Crow History and Bighorn Country
“People of the Canyon”
It was used for literally thousands of years by Paleo-Indians. This route went from the Wind River Mountains to the mouth of the Shoshone River then detoured around the western side of the Bighorn Canyon, finishing at Grapevine Creek. One group of wanderers didn’t just use the Bad Pass Trail as a through route, they instead arrived in the canyon area and remained - The Crows.
A Reservation and the Bozeman Trail
This enraged the Sioux and Northern Cheyenne as it cut straight through their hunting grounds. These tribes declared war on the wagon trains and eventually the U.S. military that was sent to guard the trail. Conversely, though the trail also bisected Crow lands, the Crows were friendly and willing to assist travelers along the trail.
Fort C.F. Smith and the Fort Laramie Treaty
The fort was used until the mid-summer of 1868, but was closed due to continued raids by other tribes and a peace policy being enacted by the federal government. The Crow nation that had depended on the fort for many needs was sorry to see it abandoned, yet continued their friendly ways. Unfortunately, this did not stop the government from downsizing the reservation in the Fort Laramie Treaty of 1868, to 8 million acres.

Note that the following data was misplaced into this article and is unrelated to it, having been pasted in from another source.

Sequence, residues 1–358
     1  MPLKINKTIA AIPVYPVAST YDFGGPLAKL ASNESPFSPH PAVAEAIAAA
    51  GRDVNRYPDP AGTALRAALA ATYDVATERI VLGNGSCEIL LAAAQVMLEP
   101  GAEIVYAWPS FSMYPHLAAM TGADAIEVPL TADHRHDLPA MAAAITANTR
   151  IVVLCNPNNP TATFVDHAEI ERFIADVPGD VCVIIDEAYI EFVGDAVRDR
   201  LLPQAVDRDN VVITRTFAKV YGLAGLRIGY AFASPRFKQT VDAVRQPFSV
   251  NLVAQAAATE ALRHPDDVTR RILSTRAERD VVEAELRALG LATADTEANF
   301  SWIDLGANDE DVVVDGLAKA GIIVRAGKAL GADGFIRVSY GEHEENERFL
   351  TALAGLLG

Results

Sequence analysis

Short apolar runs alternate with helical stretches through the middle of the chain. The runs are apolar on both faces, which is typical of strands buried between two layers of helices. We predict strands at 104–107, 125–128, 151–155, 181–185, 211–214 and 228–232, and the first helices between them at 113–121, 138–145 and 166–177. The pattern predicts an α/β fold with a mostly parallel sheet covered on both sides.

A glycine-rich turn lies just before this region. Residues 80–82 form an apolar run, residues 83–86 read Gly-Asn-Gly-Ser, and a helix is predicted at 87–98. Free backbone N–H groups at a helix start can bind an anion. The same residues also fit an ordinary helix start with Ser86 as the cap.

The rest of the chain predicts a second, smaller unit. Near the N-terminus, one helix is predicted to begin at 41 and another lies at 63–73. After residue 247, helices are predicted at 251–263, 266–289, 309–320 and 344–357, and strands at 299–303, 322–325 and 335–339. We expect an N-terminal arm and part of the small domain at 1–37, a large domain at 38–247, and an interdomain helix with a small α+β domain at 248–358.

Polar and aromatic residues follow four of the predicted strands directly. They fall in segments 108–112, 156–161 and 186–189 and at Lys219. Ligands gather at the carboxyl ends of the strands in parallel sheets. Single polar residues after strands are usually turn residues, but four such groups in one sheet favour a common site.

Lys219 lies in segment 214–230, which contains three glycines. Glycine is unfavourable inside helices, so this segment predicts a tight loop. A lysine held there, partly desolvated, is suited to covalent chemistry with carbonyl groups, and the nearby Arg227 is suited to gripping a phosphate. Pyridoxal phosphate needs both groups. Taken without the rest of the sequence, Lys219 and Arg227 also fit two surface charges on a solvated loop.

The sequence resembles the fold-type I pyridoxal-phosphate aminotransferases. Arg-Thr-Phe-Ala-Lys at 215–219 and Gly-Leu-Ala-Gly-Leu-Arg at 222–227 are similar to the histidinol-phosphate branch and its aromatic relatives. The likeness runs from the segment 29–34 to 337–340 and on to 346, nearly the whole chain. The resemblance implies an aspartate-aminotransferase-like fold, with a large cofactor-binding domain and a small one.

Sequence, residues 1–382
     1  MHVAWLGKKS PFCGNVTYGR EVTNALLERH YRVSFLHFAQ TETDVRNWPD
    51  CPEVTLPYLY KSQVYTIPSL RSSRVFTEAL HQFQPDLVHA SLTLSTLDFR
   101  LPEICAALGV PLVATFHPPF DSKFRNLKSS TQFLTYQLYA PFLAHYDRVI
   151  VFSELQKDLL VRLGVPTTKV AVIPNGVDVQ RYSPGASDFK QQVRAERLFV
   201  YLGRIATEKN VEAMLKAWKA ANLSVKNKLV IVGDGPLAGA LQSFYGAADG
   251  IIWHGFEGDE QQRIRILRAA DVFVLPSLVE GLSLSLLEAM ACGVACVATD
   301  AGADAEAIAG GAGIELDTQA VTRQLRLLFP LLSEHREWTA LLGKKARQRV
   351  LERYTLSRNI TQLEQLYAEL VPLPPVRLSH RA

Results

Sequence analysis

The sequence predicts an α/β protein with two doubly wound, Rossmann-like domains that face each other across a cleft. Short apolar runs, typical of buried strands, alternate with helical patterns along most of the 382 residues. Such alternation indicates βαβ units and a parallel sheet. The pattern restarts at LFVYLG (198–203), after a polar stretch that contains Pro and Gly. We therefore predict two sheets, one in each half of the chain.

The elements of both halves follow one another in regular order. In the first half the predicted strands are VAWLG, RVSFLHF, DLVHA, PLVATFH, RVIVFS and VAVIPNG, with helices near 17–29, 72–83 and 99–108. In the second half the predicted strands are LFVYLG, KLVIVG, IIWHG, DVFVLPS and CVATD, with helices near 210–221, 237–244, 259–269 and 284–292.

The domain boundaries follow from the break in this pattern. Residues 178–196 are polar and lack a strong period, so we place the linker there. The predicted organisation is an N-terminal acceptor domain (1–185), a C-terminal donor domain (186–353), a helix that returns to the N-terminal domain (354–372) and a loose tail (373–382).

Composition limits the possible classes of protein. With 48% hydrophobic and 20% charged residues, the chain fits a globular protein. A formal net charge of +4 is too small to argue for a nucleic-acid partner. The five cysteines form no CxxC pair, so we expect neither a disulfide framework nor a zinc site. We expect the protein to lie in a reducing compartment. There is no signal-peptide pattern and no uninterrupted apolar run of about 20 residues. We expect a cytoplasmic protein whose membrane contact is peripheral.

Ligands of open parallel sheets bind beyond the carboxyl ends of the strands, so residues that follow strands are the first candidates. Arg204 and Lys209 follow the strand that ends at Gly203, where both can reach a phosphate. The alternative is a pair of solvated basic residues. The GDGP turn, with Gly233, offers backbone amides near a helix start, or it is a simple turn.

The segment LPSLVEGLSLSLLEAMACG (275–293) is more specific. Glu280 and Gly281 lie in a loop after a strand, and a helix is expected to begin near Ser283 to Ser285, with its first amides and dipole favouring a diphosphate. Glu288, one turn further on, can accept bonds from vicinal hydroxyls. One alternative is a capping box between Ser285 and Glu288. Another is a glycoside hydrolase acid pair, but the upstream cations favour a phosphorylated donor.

The Crows continued to act as allies during the ensuing Indian Wars of the 1870s. They were also key to a permanent peace agreement that resulted from the conflict’s end. Chief Plenty Coups, leader of the Crow, helped the U.S. government in bringing the wars to a close. As a reward for their efforts, the government promised to reserve land for the Crow in perpetuity around the Bighorn region.
Did You Know?
The bighorn sheep disappeared from the area in the 1800s. In the 1970s, Montana and Wyoming state game agencies translocated sheep into nearby areas. Descendants of these sheep moved into the range along Bighorn Canyon and today the estimated population is 150 to 200. More...